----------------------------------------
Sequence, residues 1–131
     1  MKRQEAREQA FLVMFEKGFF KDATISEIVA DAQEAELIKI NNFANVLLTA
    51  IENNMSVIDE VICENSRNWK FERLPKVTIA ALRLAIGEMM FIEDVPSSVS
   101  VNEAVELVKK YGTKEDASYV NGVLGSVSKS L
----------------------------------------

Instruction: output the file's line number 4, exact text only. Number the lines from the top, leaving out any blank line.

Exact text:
   101  VNEAVELVKK YGTKEDASYV NGVLGSVSKS L